Similarly, forces are now emerging that may encourage the Arab world to democracy. Here are some:

(1) Globalization and the Internet. As Thomas Friedman explains in his new book "The Lexus and the Olive Tree," we are seeing democratization of (a) financial markets; (b) technology; (c) information; and (d) politics. Until recently, the Arab world has successfully prevented Western news sources from "contaminating" their subjects, using brutal repression and controlling their media. But the Arab world can’t stop the Internet or satellite news. Saudi Arabia has recently instituted a policy of allowing access to the Internet to university students, albeit at limited speeds, and only for five minutes at a time. However, this may be the first crack in the dam.

(2) The Plight of Arab Women: One day, the media will turn its cameras to the barbaric manner in which the Arab world treats women. It will expose the Arab world’s ritualized female circumcision as a form of sexual control, use of rape as an official tool of punishment and execution of unmarried women for merely holding a man’s hand — to say nothing of women’s utter inability to participate in society. This exposure will create pressure on the Arab world to make other social reforms.

(3) Oil. This may be the biggest factor. Saudi Arabian Muhammad Al-Sabban, head of the senior economic advisory to the Saudi Oil Ministry, acknowledged that Arab oil will play a major role in the world’s energy mix only for the next 15 years, at most. Once this bargaining chip vanishes, the Arab world’s ability to act as a force of menace will diminish — like a school bully who suddenly shrinks a foot or two. What will also diminish is the West’s one reason to pander to the brutal dictatorships in the Arab world. So, too, will the non-oil-producing Arabs’ power wane (such as the Palestinians, Syrians and Egyptians), all of whom now enjoy the indirect benefits of the collective oil cudgel from their Arab brethren.

(4) Generally Accepted Democratic Principles. Here’s an irony: Despite their angry beating of the chest when it comes to the West, most Arab dictatorships actually claim to observe democratic principles. As brutal a dictator as Arafat is, for example, he still insists his people have chosen him in fair democratic elections, and that his press is "free." Dictators do this to appear as honest brokers to the outside world. This is like the embezzler who insists he zealously follows generally accepted accounting principles. He does so because he implicitly acknowledges the correctness of those principles. Similarly, in making their claims of democratic treatment of their people, are these dictators not actually acknowledging democracy as the "proper" form of rule? One day, the Arab people may ask: if our leaders praise democracy, then why aren’t we one?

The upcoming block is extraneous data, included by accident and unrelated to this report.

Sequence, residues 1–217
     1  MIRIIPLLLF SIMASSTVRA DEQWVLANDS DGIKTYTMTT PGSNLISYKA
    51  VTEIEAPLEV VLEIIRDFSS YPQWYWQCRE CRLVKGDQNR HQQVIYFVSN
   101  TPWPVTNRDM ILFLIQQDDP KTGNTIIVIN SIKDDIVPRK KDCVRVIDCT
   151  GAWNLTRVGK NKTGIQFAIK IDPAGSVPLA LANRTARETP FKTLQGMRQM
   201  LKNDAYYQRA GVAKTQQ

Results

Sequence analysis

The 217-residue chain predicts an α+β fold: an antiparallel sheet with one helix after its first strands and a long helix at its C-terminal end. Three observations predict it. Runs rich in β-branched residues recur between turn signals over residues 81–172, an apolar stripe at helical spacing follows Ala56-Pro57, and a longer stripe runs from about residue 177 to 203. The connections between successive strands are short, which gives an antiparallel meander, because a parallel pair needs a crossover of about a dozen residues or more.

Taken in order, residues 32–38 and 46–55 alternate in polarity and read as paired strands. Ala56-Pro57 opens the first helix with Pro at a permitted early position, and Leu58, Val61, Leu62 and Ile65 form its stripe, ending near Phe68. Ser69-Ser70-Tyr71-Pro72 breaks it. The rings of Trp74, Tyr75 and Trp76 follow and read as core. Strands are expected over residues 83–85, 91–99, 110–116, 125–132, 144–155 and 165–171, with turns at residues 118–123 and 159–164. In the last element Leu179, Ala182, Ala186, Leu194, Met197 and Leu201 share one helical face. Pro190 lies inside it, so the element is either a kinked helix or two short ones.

Some will argue that these factors may topple the existing governments, but will lead, at best. to anarchy or greater fundamentalism. For democracy to occur, they will say the West’s intervention is necessary, as it was necessary after World War II. But the world has changed since then: everyone can now see what everyone else is doing, and everyone can more easily see how the other world lives. And so the factors that previously led to the democratization of Russia may also now lead to the organic democratization of the Arab world. For that to occur, we may only need to ensure the continuing globalization of information. And that is a force no Arab country can hope to stop.

Barak Lurie is an Israeli and American citizen and a specialist on Middle East affairs. He serves as general counsel for the Sterling Corp.